• Warner told "Axios on HBO" he plans to introduce a separate bill "in a few weeks" that would require tech firms to make data portable so consumers can move it from one platform to another.
  • He's also sponsored legislation to improve online political ad disclosures, and to ban social media sites from tricking users into giving up their data.
  • "If they're not willing to work with us on this kind of, I think, rational, focused reform, then I may very quickly join the crowd that simply says, 'you know, let's break them up,'" he said. "And I say that as somebody who was a technology entrepreneur longer than I've been a senator."

The bottom line: "This senator's patience is wearing very thin. It's time for these companies to put their money where their mouth is."

Go deeper: Axios' Deep Dive on Data Privacy

Go deeper

World coronavirus updates: Cases surge past 720,000

Data: The Center for Systems Science and Engineering at Johns Hopkins, the CDC, and China's Health Ministry. Note: China numbers are for the mainland only and U.S. numbers include repatriated citizens and confirmed plus presumptive cases from the CDC

There are now more than 720,000 confirmed cases of the coronavirus around the world, according to data from Johns Hopkins. The virus has now killed more than 33,000 people — with Italy alone reporting over 10,000 deaths.

The big picture: Governments around the world have stepped up public health and economic measures to stop the spread of the virus and soften the financial impact. In the U.S., now the site of the largest outbreak in the world, President Trump said Sunday that his administration will extend its "15 Days to Slow the Spread" guidelines until April 30.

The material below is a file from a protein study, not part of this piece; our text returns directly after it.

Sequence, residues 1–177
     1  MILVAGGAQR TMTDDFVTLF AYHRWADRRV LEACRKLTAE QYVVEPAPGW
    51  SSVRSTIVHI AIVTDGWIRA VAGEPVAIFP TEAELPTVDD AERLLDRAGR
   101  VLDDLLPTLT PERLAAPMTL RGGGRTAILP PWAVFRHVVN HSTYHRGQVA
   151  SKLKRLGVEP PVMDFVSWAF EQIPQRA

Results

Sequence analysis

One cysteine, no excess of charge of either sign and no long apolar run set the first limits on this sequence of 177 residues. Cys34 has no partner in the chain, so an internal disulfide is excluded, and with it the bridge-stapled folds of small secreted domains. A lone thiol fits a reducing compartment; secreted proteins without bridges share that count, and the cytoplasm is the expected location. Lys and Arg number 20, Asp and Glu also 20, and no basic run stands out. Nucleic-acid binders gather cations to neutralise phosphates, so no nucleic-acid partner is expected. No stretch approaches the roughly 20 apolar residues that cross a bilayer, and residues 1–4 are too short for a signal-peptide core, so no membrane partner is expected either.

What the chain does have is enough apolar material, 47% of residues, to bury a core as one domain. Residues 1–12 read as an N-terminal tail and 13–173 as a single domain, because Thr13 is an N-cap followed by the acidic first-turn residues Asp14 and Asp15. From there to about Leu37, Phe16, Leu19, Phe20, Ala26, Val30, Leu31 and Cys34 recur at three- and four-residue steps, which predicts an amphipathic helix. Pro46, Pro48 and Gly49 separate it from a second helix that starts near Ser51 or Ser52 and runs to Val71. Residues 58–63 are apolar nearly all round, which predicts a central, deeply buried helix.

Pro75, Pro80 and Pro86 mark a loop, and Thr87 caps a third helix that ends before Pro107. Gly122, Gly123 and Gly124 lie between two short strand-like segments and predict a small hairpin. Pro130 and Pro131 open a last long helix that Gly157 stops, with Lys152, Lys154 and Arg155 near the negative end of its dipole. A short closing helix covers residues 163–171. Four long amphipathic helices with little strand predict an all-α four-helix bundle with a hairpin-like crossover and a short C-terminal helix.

Go deeperArrowUpdated 22 mins ago - Health

Coronavirus dashboard

Illustration: Sarah Grillo/Axios

  1. Global: Total confirmed cases as of 7 p.m. ET: 718,685 — Total deaths: 33,881 — Total recoveries: 149,076.
  2. U.S.: Leads the world in cases. Total confirmed cases as of 7 p.m. ET: 139,675 — Total deaths: 2,436 — Total recoveries: 2,661.
  3. Federal government latest: President Trump says his administration will extend its "15 Days to Slow the Spread" guidelines until April 30.
  4. Public health updates: Fauci says 100,000 to 200,000 Americans could die from virus.
  5. State updates: Louisiana governor says state is on track to exceed ventilator capacity by end of this week — Cuomo says Trump's mandatory quarantine comments "panicked" some people into fleeing New York
  6. World updates: Italy on Sunday reports 756 new deaths, bringing its total 10,779. Spain reports almost 840 dead, another new daily record that bring its total to over 6,500.
  7. What should I do? Answers about the virus from Axios expertsWhat to know about social distancingQ&A: Minimizing your coronavirus risk
  8. Other resources: CDC on how to avoid the virus, what to do if you get it.

Subscribe to Mike Allen's Axios AM to follow our coronavirus coverage each morning from your inbox.

Trump says peak coronavirus deaths in 2 weeks, extends shutdown

Photo: Tasos Katopodis/Getty Images

President Trump is extending his administration's "15 days to slow the spread" shutdown guidelines for an additional month in the face of mounting coronavirus infections and deaths and pressure from public health officials and governors.

Driving the news: With the original 15-day period that was announced March 16 about to end, officials around the country had been bracing for a premature call to return to normalcy from a president who's been venting lately that the prescription for containing the virus could be worse than the impacts of the virus itself.

Go deeperArrow2 hours ago - Health